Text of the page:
Judiciary Approves Barrett Despite Democratic Boycott
Chuck Schumer and company sent a signal to their base against a fait accompli.
The Democratic members of the Senate Judiciary Committee boycotted yesterday’s vote on Supreme Court nominee Amy Comey Barrett because, well, because.
“Throughout the hearings last week, committee Democrats demonstrated the damage a Justice Barrett would do – to health care, reproductive freedoms, the ability to vote, and other core rights that Americans cherish,” Senate Minority Leader Chuck Schumer and Democrats on the Senate Judiciary Committee said in a statement announcing their boycott. “We will not grant this process any further legitimacy by participating in a committee markup of this nomination just twelve days before the culmination of an election that is already underway.”
That she’s a conservative doesn’t make her illegitimate. Neither does the timing: there’s a vacancy, the President has nominated a qualified judge, and his party has the votes to confirm her. (The juxtaposition with GOP treatment of Obama nominee Merrick Garland in 2016 is obviously a different matter; but that’s not the point Schumer made.)
Further, not only did these Democrats participate in the hearings but ranking member Dianne Feinstein praised how they were carried out.
“This has been one of the best set of hearings that I’ve participated in,” said Sen. Dianne Feinstein (D-Calif.). “It leaves one with a lot of hopes, a lot of questions and even some ideas perhaps of good bipartisan legislation we can put together.”
If that wasn’t enough to anger Democrats — who have spent this week trying to paint Barrett’s nomination process as a sham — Feinstein also thanked the committee’s chair, Sen. Lindsey O. Graham (R-S.C.), and then walked across the room to wrap him in a hug.
But Feinstein, too, participated in the boycott.
Regardless, the Republicans who showed up had the votes, unanimously voting to pass her on to the full Senate.
All 12 Republicans on the committee voted in favor of Barrett, a conservative judge. No-show Democrats left behind posters at their desks of Americans they say have benefited from the Affordable Care Act, now being challenged at the high court. Senators plan to convene a rare weekend session before a final confirmation vote expected Monday.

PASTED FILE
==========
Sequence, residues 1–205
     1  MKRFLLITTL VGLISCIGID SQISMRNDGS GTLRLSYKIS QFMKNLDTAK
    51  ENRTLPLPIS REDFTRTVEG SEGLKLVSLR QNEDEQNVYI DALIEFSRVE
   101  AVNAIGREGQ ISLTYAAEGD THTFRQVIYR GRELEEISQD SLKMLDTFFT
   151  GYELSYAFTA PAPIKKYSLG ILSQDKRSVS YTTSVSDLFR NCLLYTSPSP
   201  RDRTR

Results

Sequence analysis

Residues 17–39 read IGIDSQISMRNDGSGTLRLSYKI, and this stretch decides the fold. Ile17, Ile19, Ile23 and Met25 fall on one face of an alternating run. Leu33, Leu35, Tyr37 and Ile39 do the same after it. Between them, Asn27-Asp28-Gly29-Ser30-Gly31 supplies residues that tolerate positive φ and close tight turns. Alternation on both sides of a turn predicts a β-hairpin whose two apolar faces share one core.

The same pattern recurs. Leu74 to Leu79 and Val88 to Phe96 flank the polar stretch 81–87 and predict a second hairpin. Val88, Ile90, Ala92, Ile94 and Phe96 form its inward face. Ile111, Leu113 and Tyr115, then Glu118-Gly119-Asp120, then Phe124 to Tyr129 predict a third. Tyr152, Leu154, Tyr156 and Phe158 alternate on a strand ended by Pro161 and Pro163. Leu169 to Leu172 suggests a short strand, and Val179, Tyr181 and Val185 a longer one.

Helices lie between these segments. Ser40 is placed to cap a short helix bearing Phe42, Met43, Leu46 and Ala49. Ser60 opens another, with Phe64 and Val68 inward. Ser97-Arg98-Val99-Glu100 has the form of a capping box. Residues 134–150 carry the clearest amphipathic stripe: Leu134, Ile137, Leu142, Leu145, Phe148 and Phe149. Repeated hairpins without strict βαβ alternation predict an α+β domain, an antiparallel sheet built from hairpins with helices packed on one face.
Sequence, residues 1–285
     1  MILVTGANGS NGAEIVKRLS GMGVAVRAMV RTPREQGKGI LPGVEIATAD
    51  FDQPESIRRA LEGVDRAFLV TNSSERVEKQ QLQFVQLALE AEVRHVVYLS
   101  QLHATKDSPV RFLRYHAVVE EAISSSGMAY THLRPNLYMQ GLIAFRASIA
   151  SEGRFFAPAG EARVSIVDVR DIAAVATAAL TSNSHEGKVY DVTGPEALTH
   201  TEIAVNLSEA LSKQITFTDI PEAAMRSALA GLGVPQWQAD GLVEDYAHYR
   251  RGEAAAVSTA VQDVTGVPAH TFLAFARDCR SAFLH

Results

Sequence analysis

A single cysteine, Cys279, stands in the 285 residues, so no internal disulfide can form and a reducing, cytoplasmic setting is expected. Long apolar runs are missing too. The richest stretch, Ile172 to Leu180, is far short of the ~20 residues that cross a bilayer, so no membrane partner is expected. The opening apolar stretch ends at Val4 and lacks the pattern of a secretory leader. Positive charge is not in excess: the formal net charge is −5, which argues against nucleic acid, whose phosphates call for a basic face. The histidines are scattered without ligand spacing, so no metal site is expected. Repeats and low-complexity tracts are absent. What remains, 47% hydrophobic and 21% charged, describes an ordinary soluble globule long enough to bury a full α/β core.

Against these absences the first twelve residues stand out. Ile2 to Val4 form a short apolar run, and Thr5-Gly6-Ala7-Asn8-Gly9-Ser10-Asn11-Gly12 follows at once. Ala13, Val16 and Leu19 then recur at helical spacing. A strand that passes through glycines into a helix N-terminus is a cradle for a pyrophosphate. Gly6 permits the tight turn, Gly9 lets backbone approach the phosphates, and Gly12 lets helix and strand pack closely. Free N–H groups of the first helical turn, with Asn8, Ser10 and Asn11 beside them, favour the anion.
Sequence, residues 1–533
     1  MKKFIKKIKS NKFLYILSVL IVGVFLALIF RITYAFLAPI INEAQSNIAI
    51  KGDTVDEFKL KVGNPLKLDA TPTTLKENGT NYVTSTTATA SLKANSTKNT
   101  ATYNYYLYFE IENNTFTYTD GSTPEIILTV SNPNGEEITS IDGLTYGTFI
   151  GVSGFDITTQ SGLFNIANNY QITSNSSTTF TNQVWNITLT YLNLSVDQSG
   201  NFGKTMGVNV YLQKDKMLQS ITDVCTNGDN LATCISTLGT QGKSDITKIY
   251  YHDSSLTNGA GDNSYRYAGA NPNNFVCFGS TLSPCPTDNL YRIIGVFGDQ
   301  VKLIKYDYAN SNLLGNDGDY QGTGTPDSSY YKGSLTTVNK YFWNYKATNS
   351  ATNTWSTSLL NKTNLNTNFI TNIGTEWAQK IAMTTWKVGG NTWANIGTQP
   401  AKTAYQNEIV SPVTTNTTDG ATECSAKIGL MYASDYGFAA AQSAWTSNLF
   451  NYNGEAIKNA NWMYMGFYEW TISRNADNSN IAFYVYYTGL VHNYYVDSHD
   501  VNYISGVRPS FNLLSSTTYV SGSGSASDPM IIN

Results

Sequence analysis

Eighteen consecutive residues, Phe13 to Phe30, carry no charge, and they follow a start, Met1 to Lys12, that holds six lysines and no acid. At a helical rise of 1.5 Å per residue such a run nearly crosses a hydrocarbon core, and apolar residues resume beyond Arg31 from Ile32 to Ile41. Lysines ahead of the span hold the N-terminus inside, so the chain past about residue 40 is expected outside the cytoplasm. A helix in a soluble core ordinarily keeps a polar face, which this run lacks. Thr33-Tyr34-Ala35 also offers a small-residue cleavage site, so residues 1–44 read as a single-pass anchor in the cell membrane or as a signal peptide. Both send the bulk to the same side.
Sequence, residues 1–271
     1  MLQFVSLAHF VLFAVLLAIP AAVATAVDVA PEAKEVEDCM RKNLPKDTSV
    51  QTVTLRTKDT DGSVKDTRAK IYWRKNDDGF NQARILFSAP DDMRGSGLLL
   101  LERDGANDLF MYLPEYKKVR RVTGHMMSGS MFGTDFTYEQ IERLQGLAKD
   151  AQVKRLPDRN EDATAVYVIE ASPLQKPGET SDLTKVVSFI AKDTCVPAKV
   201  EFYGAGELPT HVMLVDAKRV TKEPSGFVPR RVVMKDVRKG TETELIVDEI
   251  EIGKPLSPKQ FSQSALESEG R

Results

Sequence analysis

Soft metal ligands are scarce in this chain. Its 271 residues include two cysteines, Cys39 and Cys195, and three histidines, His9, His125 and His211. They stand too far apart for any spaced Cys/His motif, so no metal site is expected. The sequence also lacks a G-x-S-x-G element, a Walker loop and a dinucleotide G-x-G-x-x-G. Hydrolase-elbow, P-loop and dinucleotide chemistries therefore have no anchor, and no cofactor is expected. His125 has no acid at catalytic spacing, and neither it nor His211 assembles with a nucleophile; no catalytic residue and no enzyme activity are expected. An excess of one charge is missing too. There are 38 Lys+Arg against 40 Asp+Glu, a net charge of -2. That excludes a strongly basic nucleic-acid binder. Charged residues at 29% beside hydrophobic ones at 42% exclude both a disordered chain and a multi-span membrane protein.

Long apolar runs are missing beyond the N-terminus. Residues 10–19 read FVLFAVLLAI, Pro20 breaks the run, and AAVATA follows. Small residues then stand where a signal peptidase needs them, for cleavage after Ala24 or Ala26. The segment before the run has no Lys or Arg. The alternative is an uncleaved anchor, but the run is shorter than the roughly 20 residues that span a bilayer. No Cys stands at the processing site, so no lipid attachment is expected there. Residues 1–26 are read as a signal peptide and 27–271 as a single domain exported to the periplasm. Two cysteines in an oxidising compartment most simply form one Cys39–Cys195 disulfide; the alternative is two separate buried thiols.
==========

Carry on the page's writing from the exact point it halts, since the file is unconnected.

Still, conservative legal analysis Henry Olsen gave the Democrats grudging respect for the maneuver (“Democrats’ boycott of the Barrett vote was egregious. It was also their best move.“):
Democratic senators faced a difficult choice as the confirmation hearings commenced. On the one hand, they knew that Democratic voters — especially core party activists and progressives — were furious at President Trump’s appointment and scared about a future court in which conservative justices hold a 6-to-3 majority. On the other hand, they knew that a protracted and highly public effort to stop Barrett’s nomination was likely futile and could backfire by scaring away moderate voters who intended to back Democrats in November’s election.
The decision to protest the legitimacy of the appointment and then abstain is a political masterstroke. It satisfies the base by showing that Democrats will not assist in something they contend is a charade. It lays the blame for the Barrett appointment squarely on Trump and Senate Majority Leader Mitch McConnell (R-Ky.), which Democratic partisans were already inclined to believe. But it also doesn’t rise to the level of activity that will gain the attention of moderates who do not prioritize court appointments in their voting. The daily fixation on Brett M. Kavanaugh’s fitness was the defining feature of his nomination, and it arguably hurt Democrats in the run-up to the 2018 election. Abstention and relative public quiet about Barrett’s nomination avoid that potentially calamitous result for this year’s races.
Still, he contends, Democrats are actually losing the larger argument:
Polls show Americans aren’t buying the Democrats’ arguments. Both a Politico-Morning Consult poll and a Gallup poll found a majority of Americans support Barrett’s confirmation. The Politico poll and another from the New York Times and Siena College also found that nearly 50 percent believe it’s proper that she be assessed now rather than wait until after the elections, as Democrats have argued. Those who say the hearings should wait until after the election, according to the Politico poll, are strongly tilted toward the party’s base: liberals, strong opponents of Trump and Democrats. The Times-Siena poll also found it was overwhelmingly Democratic voters who supported delaying the confirmation. Independent voters backed immediate action on Barrett’s nomination by a 49-40 margin, even as they supported Joe Biden by a 46-37 gap.
That a majority approves of Barrett’s nomination and confirmation despite Trump having been underwater in his approval ratings his entire tenure—and losing badly to Biden in the polls—is interesting, indeed. It’s actually an encouraging sign of a public being able to distinguish that which is normal—elected officials carrying out their duties as one would expect—from that which is not—pretty much everything else Trump has done while in office.